The recruitment and retention of GPs has long been a challenge for practices, and in recent years this has been compounded by the baby boomer generation nearing retirement. This has put many practices at risk of having an insufficient number of partners, and left them potentially vulnerable. Furthermore, there has been a shift in the attitudes of younger doctors, some of whom wish to be either salaried GPs or locums as opposed to partners, as has traditionally been the case.
In my conversations with practices, the anecdotal feedback has been that, generally, the recruitment crisis isn’t as severe as it was, although we are far from being out of the woods. In a bid to deliver on the ‘GP Forward View 2020’ target to boost GP numbers by 5,000, it has been announced that the NHS is launching a scheme to pay recruitment agencies £100million as part of a huge international recruitment drive.
This is a change of dynamics within the GP workforce which will have an impact upon the structure of partnerships. Many of the factors leading to GP practices being vulnerable have also led to the merges of practices – and the increase may well lead to the emergence of the ‘super practice’. As practices get larger, I anticipate that the opportunities for GPs to state and follow their chosen path will become more apparent, with some wishing to be drivers of the new larger practices and others being more focused on clinical care.
The pay gap between salaried GPs and partners needs to close in order to make the position of salaried GPs less attractive, thereby encouraging more to step up to become partners. The advent of the super practice may further encourage this, with each partner then owning a much smaller percentage of the new entity, which may be more comforting for individual GPs. The fractional risk that each partner is then liable to, may give credence to the mind-set of safety in numbers.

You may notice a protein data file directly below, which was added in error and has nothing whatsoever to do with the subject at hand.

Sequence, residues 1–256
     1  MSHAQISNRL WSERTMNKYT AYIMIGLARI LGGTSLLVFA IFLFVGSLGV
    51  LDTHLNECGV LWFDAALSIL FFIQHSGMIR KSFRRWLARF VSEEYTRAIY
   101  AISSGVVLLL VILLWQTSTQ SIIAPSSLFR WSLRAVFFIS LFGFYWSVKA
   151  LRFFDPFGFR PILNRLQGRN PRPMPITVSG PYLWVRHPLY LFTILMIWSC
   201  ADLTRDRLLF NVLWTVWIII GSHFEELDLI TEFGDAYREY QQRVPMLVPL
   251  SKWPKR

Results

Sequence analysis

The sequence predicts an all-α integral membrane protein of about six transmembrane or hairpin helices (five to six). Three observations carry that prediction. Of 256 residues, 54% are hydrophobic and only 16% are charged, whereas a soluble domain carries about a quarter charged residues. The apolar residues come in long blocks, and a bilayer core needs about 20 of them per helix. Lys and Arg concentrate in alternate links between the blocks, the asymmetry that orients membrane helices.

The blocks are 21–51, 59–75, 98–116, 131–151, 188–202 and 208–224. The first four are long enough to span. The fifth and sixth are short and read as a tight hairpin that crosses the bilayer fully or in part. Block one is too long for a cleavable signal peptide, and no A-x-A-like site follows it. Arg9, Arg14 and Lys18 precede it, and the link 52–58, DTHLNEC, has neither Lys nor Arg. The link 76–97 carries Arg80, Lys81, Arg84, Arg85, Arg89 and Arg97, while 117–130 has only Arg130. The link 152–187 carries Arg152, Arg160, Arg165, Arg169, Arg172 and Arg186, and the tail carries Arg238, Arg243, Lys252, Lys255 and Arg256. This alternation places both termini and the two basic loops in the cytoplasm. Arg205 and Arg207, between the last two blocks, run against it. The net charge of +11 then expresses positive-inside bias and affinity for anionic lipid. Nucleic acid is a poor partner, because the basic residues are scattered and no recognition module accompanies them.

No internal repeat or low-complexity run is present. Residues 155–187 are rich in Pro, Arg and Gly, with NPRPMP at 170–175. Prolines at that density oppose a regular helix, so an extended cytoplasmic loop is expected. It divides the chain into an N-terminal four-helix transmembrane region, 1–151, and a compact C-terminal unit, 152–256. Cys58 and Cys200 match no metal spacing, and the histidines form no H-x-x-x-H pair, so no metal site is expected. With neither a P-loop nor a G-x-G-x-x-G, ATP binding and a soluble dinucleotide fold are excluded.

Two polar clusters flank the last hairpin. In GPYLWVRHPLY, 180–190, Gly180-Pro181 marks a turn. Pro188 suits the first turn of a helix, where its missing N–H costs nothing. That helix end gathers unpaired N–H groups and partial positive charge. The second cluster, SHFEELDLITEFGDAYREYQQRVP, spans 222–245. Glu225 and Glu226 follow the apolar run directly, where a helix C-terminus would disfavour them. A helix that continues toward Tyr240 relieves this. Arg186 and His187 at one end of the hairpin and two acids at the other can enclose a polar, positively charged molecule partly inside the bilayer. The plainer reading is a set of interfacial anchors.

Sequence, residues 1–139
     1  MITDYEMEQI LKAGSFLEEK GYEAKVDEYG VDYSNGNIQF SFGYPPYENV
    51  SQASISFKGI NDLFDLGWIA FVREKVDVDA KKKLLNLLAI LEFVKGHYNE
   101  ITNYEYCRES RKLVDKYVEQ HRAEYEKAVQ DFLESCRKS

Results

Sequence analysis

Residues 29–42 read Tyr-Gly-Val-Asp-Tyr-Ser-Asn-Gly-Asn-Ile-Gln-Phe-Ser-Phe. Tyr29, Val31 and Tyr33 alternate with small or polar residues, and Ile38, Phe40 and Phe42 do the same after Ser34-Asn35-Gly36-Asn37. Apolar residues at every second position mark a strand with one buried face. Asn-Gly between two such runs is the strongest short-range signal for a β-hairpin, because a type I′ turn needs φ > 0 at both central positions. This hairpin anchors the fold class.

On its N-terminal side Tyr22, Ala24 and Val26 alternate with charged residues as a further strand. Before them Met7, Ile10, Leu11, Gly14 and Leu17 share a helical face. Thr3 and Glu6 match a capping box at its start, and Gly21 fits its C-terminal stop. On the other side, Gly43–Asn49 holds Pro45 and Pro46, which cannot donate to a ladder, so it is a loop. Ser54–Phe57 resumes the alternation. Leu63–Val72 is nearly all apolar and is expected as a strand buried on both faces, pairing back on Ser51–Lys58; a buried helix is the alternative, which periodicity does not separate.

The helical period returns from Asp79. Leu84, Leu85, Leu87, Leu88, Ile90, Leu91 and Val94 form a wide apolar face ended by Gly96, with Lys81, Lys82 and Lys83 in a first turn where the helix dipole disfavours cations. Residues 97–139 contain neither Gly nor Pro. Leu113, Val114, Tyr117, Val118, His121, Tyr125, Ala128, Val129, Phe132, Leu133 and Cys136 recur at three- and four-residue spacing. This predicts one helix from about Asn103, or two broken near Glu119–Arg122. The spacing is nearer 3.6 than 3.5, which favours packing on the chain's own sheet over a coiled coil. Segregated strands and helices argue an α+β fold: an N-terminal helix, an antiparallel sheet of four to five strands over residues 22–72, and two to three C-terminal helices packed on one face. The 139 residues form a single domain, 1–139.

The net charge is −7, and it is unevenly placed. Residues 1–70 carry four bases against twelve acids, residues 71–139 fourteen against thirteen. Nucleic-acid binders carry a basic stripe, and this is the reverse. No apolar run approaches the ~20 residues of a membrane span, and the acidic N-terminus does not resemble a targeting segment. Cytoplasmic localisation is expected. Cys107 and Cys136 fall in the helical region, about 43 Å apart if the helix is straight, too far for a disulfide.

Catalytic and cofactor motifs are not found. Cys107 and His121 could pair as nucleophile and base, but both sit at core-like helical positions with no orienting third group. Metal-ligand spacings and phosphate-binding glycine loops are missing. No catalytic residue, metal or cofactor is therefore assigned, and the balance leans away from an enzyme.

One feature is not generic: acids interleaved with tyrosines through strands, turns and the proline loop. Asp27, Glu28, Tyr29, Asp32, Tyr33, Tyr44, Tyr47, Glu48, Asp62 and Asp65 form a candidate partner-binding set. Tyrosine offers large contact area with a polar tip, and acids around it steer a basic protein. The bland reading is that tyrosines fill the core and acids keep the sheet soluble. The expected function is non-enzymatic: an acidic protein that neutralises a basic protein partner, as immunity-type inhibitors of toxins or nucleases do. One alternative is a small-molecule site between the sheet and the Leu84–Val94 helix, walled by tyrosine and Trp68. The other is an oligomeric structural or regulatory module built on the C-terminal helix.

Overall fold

Primary Care Surveyors is currently advising some of the emerging super practices, with initial consultancy advice being provided as to the structure of partnerships and how property can be held within the super practice. The outcome will depend very much on the super practice taking into account various factors, such as whether the property is held by way of freehold or leasehold. Where the property is held freehold, it is important to consider the terms of any existing mortgages, including the interest rate the mortgage is at, and how many years remain on the mortgage. Sometimes the cost of exiting mortgages can be punitive; however, sometimes it is worth refinancing the property at a lower interest rate with a mortgage that is more suitable for the super practice structure.
Turning to leasehold properties, many of the established specialist investors and landlords who are familiar with the primary care sector, are now looking at the super practice model, together with Accountable Care Organisations and Accountable Care Systems (ACSs), to determine who the future tenants will be, and to ensure that the properties and lease structures are in place to reflect the changing dynamics of healthcare.
There are also discussions commencing as to the business model of GP practices. Some partnerships are looking to become Limited Liability Partnerships (LLPs) or even limited companies. Currently, such bodies cannot hold GMS/PMS contracts but this is a period of dynamic change and I wonder if this will soon change?
A fundamental benefit of a LLP is that it is a separate body, therefore can hold the mortgage or lease. This means there may only be one mortgage per practice, as opposed to the individual partners holding individual mortgages. Likewise, a lease can be granted to the LLP rather than the individual GPs/partners. I am inclined to suggest that a LLP structure will be more attractive to prospective partners, which will aid in the recruitment of new partners.
I emphasise that currently LLPs and limited companies are not able to hold a GMS or PMS contract, but it will be interesting to see if or when this changes.